This dwindling of variety in the mainstream is a symptom of what happens when the middle is neglected. When companies pour all of their resources into a few large-budget releases rather than spreading them out over a much wider range of mid-budget things. Because several mid-budget projects can be made for the same amount that one large-budget project costs, there’s more incentive to put out a good variety of stuff. Not only does this lessen the risk from the financial failure of any one thing, but it also means that these works appeal to a wider audience in a much more meaningful way than just making one “one size fits all” large-budget thing does.
Variety is an important thing for so many reasons. Not only does it mean that people can actually have individual tastes without feeling “left out” by popular culture, but it is also seen as “good practice” in almost every other area too. There’s a reason why most countries don’t allow monopolies to form, why a lack of genetic variety will often doom a species, why the internet is platform-agnostic and distributed amongst a huge variety of servers across the world (rather than just one giant server), why democracies last longer than dictatorships do etc…
Variety is essential. It prevents stagnation. It means that any errors, failures or mistakes don’t have catastrophic consequences. It is good for innovation and creativity (since there’s a wider variety of ideas, genres, styles etc.. to be combined and mixed in interesting ways). It also just makes everything richer and more interesting (for example, imagine how limited the English language would be if it hadn’t incorporated and adapted numerous words from other languages over the centuries). Ironically, if you want to appeal to everyone, then just having a single “one size fits all” thing is the very last thing you want to do.
3) Quality: Going back to the first point on this list, one of the great things about mid-budget creative works is that they still have to appeal to an audience. Whilst lower budget creative works might enjoy being “avant garde” or “experimental”, the slightly larger amount of money invested in mid-budget projects means that they also have to make sure that all of this interesting stuff can appeal to and be understood by a slightly larger audience.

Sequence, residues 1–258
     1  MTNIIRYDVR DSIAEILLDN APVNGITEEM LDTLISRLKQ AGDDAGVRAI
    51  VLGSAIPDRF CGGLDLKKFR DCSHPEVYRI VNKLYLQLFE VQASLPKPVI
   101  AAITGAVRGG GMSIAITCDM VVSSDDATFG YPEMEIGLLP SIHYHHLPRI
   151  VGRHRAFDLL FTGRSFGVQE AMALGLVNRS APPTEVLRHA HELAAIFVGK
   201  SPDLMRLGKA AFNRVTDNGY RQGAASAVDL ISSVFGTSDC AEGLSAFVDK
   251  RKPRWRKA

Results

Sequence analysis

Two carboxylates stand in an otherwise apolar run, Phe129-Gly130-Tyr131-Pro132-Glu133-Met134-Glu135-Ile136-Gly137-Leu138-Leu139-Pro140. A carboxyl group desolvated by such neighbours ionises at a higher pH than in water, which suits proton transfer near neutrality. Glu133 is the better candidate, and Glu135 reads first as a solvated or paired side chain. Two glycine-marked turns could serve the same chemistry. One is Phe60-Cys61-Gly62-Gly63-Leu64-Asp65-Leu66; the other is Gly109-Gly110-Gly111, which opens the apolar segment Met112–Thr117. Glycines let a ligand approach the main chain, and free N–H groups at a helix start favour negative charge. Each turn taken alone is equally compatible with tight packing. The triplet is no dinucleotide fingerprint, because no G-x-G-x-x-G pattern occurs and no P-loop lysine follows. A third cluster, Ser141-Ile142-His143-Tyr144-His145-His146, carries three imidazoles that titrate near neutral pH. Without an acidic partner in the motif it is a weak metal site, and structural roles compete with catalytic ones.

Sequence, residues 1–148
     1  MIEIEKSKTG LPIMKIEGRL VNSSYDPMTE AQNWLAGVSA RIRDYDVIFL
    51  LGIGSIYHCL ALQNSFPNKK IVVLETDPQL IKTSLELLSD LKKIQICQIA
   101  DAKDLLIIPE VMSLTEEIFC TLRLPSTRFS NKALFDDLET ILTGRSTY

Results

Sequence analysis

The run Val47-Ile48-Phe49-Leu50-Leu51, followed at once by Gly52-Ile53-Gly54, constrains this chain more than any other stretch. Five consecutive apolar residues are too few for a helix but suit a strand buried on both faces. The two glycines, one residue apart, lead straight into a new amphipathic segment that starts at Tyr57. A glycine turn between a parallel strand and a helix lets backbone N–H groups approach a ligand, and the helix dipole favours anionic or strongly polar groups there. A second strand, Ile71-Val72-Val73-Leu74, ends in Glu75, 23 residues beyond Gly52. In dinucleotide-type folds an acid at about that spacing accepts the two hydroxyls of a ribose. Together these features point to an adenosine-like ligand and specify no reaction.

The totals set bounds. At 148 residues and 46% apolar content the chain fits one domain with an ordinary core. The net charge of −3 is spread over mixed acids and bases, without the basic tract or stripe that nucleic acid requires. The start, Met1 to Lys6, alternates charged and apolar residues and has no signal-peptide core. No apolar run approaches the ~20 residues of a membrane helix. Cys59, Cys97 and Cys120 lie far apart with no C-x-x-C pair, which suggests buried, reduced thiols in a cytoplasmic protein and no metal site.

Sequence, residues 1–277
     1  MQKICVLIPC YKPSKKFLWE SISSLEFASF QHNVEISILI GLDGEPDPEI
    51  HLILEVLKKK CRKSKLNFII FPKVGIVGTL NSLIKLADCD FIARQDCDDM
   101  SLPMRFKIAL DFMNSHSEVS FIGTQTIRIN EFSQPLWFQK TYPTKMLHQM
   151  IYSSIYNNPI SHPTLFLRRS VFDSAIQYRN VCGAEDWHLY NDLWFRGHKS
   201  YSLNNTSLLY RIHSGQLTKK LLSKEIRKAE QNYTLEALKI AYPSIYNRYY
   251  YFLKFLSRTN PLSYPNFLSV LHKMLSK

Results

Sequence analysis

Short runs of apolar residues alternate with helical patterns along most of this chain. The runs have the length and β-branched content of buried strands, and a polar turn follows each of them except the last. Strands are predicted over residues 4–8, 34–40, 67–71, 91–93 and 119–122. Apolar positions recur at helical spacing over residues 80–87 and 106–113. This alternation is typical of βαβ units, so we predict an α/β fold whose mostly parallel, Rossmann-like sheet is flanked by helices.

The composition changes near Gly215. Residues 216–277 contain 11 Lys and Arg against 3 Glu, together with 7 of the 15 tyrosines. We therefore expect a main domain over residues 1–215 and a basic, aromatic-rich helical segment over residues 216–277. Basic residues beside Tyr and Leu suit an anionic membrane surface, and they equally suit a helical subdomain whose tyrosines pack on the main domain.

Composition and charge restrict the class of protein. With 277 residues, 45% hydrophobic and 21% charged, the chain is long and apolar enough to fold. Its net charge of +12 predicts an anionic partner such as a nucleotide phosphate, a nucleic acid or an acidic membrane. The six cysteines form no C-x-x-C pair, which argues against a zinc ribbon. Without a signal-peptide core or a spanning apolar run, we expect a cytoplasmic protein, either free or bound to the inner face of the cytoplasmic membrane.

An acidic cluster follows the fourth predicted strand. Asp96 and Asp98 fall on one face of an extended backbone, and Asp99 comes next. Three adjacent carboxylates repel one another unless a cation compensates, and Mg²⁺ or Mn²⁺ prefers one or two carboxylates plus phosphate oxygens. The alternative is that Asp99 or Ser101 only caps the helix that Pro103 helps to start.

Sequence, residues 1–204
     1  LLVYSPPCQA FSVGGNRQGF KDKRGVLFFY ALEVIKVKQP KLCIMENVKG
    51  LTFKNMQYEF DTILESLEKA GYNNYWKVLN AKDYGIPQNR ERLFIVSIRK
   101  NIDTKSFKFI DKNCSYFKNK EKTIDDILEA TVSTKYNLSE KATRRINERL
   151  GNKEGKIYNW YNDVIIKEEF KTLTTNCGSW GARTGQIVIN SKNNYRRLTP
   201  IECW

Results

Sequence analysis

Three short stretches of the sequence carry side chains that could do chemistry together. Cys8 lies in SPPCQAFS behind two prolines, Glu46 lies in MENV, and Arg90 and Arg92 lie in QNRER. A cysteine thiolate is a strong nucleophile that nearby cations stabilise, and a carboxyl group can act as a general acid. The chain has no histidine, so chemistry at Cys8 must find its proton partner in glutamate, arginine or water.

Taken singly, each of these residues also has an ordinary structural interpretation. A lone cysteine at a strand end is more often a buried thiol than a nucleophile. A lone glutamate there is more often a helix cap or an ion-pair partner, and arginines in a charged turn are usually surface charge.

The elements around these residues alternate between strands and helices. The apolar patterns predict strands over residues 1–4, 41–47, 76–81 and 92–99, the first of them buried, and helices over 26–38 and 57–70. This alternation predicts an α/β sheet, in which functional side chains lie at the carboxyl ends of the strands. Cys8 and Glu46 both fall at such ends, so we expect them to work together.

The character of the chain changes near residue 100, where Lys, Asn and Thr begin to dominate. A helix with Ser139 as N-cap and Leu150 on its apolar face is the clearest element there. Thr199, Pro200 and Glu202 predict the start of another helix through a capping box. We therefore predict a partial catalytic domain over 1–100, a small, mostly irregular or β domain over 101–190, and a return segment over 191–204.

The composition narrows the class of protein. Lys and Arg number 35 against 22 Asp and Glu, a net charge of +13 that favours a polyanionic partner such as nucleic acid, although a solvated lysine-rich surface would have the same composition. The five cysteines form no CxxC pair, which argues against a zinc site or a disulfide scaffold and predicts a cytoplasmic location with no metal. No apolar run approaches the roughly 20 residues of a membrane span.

This might sound like it would lower the quality of mid-budget works, but it often still results in more innovative, intelligent and/or interesting creative works than those that have been built from the ground up for a mainstream audience. For example, whilst a mid-budget 1990s sci-fi film like “Dark City” might have fast pacing and might explicitly spell a few things out to the audience, it still has a lot more visual creativity (inspired by film noir, German expressionism etc…) and complex ideas (eg: What makes us human? What is reality? etc..) than, say, a modern large budget CGI-fest might have.
A medium-size budget means that the balance between producing thought-provoking innovative art and producing art that can actually be enjoyed is a lot fairer. A mid-budget film won’t be full of dry intellectual rambling but it also won’t be a completely hollow and meaningless spectacle either. Because the freedom to create something interesting is paired with the requirement to actually sell a reasonable number of copies, this results in better quality.
Yes, mid-budget creative works might not always have ultra-impressive special effects or hyper-realistic graphics, but they will be a better and richer experience. You’ll get many of the benefits and innovations of intelligent “high brow” stuff, but converted into something that is a bit more immediately enjoyable.
Anyway, I hope that this was interesting 🙂